Tuesday, April 11, 2006

$500 billion is a lot to reflect on

Oh good, a writing competition: What Could America Do With $500 Billion?

Each month, the best alternative option to Iraq war spending will receive $50 USD.

At the end of the Iraq war, by vote, the best entry will receive $500 USD.

Ideas must be PG-rated and legal. Send me your ideas. They can be left-wing, right-wing, thoughtful, kookie, weird, peace type, and/or military type. Entries will be judged on thoughtfulness, clarity, and creativity. If you cut and past information from other people's web sites, take no more than a paragraph and ensure you include a link to where you got the content.

Without further ado, here is my entry:

$500 billion is a lot to reflect on.

$500 billion would be just perfect for what I want to do!

Putting morality aside for a sec, the Iraq war really is turning out to be terribly inconvenient at this juncture in homo sapiens sapiens evolution. It is entrenching the oil addiction the President of the United States owned up to, driving the hook in deeper, reinforcing the dependency.

That oil that was going to pay for the reconstruction of Iraq but no doubt is not laying idle given what motorists will stump up for nowadays at the fuel pump, especially at Easter, that oil is the very carbon dioxide that was sucked out of the atmosphere by majestic plants millennia ago and safely sequestered to give us sapiens sapiens a rather liveable biosphere and a pretty stable climate.

Pretty stable climate, we grew from 6 million to 6 billion in 20,000 years. It's no wonder we think we rule.

We were smart enough to harness that ancient sequestered atmospheric carbon dioxide, turning it into petrocarbons to fuel the economies that financed our exponential population growth. It has been good, we have the iPod now, but we are at a crossroad and now we have to be smart enough to seize that $500 billion, and paintbrushes, and starting with the crossroad, paint it white.

News that Antarctica is melting faster than snow is falling did have me wondering what we do after all the ice has gone.

It has to be considered; what do we do?

Well, now with $500 billion in the kitty we have a chance, so we paint like mad. From our crossroads in all directions: White highways, byways and dual carriage motorways. Link roads, ring roads and perimeter roads - all snow white. Then rooftops and buildings, and the tarmac of airports, everything must be white. And when we run out of roads then we wrap the world up in white material, especially around the poles, as if Earth was a global Christo installation.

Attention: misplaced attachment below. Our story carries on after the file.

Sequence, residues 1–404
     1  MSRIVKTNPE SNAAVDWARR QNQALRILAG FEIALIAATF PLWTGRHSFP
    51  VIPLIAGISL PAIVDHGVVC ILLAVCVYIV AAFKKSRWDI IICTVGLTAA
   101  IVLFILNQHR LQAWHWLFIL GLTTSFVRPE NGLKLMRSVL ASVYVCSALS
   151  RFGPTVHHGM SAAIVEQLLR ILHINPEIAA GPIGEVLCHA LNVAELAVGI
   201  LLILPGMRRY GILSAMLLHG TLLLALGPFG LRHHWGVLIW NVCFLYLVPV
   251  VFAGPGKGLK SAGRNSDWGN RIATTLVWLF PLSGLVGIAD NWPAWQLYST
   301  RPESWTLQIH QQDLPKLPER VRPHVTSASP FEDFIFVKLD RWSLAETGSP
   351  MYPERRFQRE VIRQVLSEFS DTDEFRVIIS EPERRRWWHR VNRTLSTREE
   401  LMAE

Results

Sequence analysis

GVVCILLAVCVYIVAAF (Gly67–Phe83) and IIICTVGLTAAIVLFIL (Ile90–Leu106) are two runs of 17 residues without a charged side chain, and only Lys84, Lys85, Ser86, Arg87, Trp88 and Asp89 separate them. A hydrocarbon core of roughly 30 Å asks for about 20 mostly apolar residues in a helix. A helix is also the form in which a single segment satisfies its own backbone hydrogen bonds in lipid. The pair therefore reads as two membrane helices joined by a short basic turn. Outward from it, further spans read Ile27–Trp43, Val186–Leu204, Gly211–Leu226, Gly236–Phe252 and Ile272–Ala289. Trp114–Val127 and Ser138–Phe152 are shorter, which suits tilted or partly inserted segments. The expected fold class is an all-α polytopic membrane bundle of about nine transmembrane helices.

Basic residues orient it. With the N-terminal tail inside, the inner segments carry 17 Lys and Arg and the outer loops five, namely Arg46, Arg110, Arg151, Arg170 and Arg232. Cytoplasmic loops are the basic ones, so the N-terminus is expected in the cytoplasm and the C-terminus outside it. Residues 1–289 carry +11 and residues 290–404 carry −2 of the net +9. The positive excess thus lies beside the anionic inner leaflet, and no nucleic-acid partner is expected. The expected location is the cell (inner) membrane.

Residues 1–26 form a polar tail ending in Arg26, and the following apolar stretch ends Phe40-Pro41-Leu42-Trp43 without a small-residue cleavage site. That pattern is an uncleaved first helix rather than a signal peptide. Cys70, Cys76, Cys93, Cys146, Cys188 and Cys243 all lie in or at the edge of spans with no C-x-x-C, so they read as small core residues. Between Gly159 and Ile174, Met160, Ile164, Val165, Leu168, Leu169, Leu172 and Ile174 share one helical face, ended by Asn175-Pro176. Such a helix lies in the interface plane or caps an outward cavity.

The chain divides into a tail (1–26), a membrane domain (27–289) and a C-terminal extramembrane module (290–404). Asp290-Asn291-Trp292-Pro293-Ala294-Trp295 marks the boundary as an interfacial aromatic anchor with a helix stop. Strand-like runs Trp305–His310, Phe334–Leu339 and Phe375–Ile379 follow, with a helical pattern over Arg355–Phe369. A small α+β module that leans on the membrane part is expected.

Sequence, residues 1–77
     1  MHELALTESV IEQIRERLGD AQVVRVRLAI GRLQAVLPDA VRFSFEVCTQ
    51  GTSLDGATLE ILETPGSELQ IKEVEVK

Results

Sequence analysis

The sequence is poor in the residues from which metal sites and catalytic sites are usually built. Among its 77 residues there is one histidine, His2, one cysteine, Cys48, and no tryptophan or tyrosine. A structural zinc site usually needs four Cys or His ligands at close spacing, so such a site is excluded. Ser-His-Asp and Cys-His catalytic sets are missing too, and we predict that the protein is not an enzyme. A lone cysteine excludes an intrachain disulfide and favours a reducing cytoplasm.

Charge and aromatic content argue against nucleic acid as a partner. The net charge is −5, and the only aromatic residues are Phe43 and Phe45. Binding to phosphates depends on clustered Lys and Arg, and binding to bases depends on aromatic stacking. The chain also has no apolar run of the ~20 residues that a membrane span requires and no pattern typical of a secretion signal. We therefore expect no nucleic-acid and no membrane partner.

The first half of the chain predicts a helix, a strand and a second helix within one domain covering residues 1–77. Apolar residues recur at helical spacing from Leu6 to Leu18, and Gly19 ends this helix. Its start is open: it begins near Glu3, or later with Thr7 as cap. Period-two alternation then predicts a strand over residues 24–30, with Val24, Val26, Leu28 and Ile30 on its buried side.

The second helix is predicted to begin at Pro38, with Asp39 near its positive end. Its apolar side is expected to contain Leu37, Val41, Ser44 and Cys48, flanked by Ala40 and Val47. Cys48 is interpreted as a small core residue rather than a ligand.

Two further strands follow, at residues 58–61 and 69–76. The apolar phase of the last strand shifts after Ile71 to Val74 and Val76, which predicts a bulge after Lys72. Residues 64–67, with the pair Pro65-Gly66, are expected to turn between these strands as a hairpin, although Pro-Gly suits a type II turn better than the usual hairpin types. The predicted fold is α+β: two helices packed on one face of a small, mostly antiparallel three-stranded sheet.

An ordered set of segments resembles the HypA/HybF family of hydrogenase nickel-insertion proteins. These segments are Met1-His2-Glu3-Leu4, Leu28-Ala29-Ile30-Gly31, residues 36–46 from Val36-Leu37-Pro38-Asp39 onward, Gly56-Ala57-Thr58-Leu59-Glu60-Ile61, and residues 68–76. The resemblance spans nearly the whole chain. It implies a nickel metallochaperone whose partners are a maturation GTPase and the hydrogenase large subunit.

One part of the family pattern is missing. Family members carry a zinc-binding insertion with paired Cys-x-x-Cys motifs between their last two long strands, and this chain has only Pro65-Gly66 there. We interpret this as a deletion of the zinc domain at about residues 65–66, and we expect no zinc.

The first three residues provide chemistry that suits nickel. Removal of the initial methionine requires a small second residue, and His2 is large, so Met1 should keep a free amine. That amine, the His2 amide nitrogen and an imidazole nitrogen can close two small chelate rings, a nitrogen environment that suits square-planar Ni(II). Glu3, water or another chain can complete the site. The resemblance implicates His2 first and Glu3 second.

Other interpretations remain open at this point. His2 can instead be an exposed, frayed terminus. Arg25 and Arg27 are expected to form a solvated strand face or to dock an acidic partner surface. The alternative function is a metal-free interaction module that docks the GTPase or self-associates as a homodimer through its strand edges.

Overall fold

The snow and ice covering the earth's surface area help to cool the earth by reflecting energy from the sun - up to 80% - straight back out into space. It has the highest albedo, or reflectivity, of all the earth's surface types. While it will be sad to see all those gigamegatonnes of fresh water, normally held in polar ice sheets, dumped into the oceans to ruin the world's waterfront property markets and bring generally unwanted ocean views to the poor, it will be this other function of reflecting 80% the sun's heat back into space that we will miss the most.

We can't really get away with water-based paints - one hurricane and your roads are back to boring black, nor could you in good conscience use petro-chemical oil based paints. Fifteen percent of the $500 billion will go towards research and rollout of organic oil based white paint. Happily the plant yield needed to meet the scale of paint required globally will also serve to act as a gigantic carbon sink, sucking heat-absorbing, ice-melting carbon dioxide out of the atmosphere and providing us with our second prong in our plan of attack on the global warming problem.

To summarise. We revitalise earth's flagging albedo by replacing the world's shrinking snow covered surface area with a white coat of paint over the world's road network, and we make the paint base from carbon dioxide sucking plant oils. More sunlight energy is reflected back out to space, and there is less carbon dioxide on the way out to space to trap this reflected energy and convert it to heat. Cool, huh?

At $500 billion this solution is cost effective; we get to be able to bequeath a functioning planet to our children and grandchildren. What have we got for the money spent on Iraq so far?

(Adapted from an earlier idea by Global Warming Watch)

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1 comment:

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